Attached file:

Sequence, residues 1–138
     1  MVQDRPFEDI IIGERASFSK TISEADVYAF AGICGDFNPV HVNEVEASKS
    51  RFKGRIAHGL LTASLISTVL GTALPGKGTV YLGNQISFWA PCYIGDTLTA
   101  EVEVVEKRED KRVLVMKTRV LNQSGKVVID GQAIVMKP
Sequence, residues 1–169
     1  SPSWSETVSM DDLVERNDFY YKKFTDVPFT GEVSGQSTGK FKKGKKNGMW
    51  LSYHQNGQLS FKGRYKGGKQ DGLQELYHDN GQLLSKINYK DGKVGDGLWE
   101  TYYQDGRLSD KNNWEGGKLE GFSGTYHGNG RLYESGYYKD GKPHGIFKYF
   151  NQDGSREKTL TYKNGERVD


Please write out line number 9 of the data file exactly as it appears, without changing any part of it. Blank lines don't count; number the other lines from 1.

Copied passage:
   151  NQDGSREKTL TYKNGERVD